14. 14. Cases & ... CENTRALIZED RAN OR SUPER CELLSITE SMALLCELLS VS DAS WATERFRONT SIDEWALK COVERAGE WITH PICO/SMALLCELLS VIRTUALIZED RAN SHARING BBU RRU eNB/DAS 1 Sector  Limited to the throughput of 1 sector and the air link  Engineered for coverage  Satisfies requirements for multi-operator transmission (“neutral host”) BBU 1 BBU N BBU Hotel CPRI  Limited to the throughput of the air interface and backhaul  Is a mini Base Station in itself  Capable to accommodate high density traffic  Not geared toward neutral host operation  According to Airvana, Smallcell deployment can be 69% cheaper than DAS; SmallCells DAS Super CellSite BBUs RRH/RRU Only Fronthaul Interface Hardware Backplane Backhaul Interface Hardware Hardware Poll Virtualization Layer Oper1 (BBU) Oper2 (BBU) ... O&M/Orchestrator OperN (BBU) Multiple sectors Base Station (or Hotel BBU) extended in their neighborhood through the use of fiber to supplement coverage / capacity indoor or outdoor Solution to minimize visual impact on coastlines, parks, public squares, monuments, street furniture and so forth. Alternative to buried/under ground CellSite: extending sectors from existing base station to cover interested places. Complements MOCN RAN Sharing deployment, bringing a new alternative (MORAN Like) for supporting multiple operators, technologies and frequencies. Internet Fronthaul ... RRH/RRU Only Backhaul Super CellSite with Pico/SmallCells RRH/RRU Only BBU N BBU 1 ...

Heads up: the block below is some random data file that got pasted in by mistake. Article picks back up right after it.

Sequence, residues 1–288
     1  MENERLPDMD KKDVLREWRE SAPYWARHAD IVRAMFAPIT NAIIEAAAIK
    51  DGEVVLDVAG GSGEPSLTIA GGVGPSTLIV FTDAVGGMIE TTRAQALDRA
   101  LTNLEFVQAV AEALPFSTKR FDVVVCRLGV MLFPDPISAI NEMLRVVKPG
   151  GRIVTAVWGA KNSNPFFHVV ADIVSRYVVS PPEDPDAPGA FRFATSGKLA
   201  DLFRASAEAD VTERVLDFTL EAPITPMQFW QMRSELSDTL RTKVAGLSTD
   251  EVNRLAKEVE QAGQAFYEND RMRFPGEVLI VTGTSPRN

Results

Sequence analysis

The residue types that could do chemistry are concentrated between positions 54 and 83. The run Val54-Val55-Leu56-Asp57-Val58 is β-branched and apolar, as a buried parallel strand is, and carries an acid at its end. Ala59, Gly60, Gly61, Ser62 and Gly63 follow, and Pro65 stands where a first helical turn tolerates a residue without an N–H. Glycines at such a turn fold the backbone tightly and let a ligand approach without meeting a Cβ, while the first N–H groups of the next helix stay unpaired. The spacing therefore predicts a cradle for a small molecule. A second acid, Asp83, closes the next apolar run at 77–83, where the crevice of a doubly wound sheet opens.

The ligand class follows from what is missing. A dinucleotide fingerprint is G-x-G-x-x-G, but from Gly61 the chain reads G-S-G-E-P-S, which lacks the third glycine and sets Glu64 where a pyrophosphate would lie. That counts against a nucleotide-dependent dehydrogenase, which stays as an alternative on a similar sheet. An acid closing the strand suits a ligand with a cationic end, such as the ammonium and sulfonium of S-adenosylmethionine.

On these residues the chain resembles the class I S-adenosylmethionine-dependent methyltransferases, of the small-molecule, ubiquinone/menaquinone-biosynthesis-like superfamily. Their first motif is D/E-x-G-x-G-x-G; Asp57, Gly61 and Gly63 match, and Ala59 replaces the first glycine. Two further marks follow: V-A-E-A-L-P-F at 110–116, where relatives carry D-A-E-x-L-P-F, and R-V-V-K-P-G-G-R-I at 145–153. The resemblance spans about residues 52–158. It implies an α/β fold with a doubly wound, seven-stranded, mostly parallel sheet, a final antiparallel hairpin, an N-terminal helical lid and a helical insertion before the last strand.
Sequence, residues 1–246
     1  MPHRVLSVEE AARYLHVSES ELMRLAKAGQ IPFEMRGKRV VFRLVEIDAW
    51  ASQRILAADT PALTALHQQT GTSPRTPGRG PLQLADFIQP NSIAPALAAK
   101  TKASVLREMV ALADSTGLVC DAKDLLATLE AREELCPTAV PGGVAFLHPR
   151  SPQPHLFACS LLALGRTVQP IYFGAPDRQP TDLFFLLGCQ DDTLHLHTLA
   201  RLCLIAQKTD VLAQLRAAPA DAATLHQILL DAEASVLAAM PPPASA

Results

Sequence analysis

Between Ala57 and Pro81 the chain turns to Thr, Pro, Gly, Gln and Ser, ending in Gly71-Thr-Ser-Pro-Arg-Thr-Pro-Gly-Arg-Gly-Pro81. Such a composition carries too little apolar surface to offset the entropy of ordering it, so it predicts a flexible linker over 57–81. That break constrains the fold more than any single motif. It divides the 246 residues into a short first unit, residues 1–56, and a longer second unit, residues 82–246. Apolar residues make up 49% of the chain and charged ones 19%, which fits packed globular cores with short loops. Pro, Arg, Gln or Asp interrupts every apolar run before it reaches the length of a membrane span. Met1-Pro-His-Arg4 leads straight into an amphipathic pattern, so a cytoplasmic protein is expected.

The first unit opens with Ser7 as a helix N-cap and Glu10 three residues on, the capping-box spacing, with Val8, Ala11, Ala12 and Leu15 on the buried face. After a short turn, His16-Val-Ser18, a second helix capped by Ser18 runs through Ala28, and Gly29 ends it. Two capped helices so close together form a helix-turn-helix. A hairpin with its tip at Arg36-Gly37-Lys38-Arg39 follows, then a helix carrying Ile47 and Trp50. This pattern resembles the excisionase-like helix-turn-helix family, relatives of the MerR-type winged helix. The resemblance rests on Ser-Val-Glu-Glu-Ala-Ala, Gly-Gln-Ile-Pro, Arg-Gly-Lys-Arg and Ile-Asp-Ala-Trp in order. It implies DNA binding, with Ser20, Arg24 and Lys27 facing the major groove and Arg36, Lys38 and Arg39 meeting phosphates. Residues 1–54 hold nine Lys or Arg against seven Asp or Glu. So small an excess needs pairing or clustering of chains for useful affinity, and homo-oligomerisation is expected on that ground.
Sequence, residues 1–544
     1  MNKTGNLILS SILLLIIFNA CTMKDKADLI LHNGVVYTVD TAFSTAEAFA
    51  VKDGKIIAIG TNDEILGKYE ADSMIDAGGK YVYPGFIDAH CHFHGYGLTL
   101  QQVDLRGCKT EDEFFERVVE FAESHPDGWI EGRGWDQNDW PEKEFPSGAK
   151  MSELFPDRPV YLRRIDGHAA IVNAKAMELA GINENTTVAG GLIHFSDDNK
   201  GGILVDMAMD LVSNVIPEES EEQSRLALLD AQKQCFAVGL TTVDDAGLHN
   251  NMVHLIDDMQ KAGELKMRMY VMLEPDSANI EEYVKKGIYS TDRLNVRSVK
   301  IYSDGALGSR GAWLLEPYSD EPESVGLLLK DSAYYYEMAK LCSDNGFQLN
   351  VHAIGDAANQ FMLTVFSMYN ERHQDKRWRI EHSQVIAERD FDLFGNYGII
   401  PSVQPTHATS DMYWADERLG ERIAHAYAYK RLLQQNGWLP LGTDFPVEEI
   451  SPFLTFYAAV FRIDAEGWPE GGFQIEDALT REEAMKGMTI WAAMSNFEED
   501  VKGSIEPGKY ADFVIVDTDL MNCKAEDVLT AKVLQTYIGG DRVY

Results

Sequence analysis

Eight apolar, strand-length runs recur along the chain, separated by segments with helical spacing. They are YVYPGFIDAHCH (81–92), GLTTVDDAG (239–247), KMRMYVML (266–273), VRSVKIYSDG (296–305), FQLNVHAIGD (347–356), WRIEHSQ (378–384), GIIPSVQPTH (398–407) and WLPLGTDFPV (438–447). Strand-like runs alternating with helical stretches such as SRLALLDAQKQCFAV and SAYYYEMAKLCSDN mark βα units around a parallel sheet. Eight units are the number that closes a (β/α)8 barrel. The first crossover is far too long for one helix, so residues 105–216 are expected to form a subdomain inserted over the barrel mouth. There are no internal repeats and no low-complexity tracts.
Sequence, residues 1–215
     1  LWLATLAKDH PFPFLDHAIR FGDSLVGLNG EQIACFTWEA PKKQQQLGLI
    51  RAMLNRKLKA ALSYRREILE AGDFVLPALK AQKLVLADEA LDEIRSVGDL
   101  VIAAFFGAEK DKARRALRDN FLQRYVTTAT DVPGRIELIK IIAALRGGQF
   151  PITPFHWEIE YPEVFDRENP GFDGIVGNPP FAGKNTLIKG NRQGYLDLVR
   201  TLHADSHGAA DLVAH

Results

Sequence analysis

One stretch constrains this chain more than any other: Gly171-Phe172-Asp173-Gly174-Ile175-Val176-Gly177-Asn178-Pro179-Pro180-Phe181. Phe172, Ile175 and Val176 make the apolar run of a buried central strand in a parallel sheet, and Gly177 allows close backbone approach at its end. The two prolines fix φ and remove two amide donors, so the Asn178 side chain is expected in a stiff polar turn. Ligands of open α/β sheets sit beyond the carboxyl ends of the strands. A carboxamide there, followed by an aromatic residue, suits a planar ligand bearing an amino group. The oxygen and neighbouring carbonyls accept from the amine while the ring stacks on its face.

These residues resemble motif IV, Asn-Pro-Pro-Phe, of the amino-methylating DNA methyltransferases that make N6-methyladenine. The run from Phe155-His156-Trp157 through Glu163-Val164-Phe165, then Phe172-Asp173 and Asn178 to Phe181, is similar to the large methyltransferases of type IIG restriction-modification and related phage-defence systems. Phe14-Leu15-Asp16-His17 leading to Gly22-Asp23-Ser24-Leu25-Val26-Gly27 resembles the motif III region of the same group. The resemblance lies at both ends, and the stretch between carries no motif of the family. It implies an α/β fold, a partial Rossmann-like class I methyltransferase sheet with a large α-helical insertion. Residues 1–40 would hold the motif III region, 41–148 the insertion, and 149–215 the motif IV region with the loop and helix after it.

15. 15. ... Concerns Transport and Fronthaul BBU CPRI OBSAI ETSI ORI Data Control Sync RRU/RRH Transport Media: Typically Optical Link in dedicated lambda BBU N BBU 2 BBU 1 CRAN – BBU Hotel SmallCells unfolds complexity of capillarity 246 Mbps 1200 Mbps 2500 Mbps 9830 Mbps WCDMA (1 Carrier) LTE (MIMO 2x2, 10 MHz) LTE (MIMO 2x2, 20 MHz) WCDMA (1 Carrier, 3 Sectors) + LTE (MIMO 2x2, 20 MHz, 3 sectors) High throughput requirement for supporting MIMO and high order of frequency bandwidth. Although there are fronthaul standards, but each vendor implemented its own flavor. STANDARDIZATION: There exist two main commercial standards CPRI (Common Public Radio Interfce) and OBSAI (Open Base Station Architecture Initiative), but the supporters implemented their own flavor; ETSI has recently introduced new standard for fronthaul technology: Open Radio Interface that promises to support several medias - not only fiber. CAPILLARITY: SmallCells bring scalability concern to provide connectivity to large number of cell sites with high throughput and low latency; However the SmallCells main applications reside in dense/urban and indoor environment where there exist cabling and fiber facilities Wireless fronthaul solutions based on Multipoint to Multipoint have high transport capacity by using mmWave or 28 GHz and eventually can support CPRI/OBSAI HIGH ORDER THROUGHPUT: CPRI/OBSAI requires a huge throughput but compressed versions are commercial, allowing in some cases transport over Ethernet; Currently almost LTE Cell Site is attended by fiber and DWDM is affordable solution for transport CPRI inside of lambdas. LOW LATENCY: CPRI/OBSAI requires low latency 5 micro seconds in total, that introduces limitation of 40 km in terms of distance between BBU and RRU; However, algorithms such as e-ICIC and CoMP have tighter requirement than CPRI, and the limitation must be 15 km. TOTAL COST OWNERSHIP: Although DWDM is more expensive than MPLS-TP, the cost optimization considering CapEx and OpEx can reach 1/3 of Distributed CellSite.